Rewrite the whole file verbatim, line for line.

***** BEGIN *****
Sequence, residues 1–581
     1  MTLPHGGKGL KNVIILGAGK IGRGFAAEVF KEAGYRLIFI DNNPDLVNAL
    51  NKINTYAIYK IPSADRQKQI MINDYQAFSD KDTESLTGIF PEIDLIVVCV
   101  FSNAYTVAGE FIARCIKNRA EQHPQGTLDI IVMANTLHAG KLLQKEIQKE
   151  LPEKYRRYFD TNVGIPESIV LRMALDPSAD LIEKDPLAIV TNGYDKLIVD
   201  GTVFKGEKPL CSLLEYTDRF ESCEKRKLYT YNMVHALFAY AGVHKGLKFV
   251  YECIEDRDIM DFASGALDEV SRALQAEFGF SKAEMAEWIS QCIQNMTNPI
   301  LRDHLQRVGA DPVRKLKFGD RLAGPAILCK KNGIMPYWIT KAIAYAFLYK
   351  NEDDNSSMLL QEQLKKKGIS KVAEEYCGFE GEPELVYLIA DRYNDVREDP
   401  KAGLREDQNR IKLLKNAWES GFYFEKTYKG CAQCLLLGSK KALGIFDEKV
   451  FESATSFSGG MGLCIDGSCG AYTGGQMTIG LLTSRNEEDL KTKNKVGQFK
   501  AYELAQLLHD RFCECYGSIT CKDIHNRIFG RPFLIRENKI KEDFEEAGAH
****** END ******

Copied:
Sequence, residues 1–581
     1  MTLPHGGKGL KNVIILGAGK IGRGFAAEVF KEAGYRLIFI DNNPDLVNAL
    51  NKINTYAIYK IPSADRQKQI MINDYQAFSD KDTESLTGIF PEIDLIVVCV
   101  FSNAYTVAGE FIARCIKNRA EQHPQGTLDI IVMANTLHAG KLLQKEIQKE
   151  LPEKYRRYFD TNVGIPESIV LRMALDPSAD LIEKDPLAIV TNGYDKLIVD
   201  GTVFKGEKPL CSLLEYTDRF ESCEKRKLYT YNMVHALFAY AGVHKGLKFV
   251  YECIEDRDIM DFASGALDEV SRALQAEFGF SKAEMAEWIS QCIQNMTNPI
   301  LRDHLQRVGA DPVRKLKFGD RLAGPAILCK KNGIMPYWIT KAIAYAFLYK
   351  NEDDNSSMLL QEQLKKKGIS KVAEEYCGFE GEPELVYLIA DRYNDVREDP
   401  KAGLREDQNR IKLLKNAWES GFYFEKTYKG CAQCLLLGSK KALGIFDEKV
   451  FESATSFSGG MGLCIDGSCG AYTGGQMTIG LLTSRNEEDL KTKNKVGQFK
   501  AYELAQLLHD RFCECYGSIT CKDIHNRIFG RPFLIRENKI KEDFEEAGAH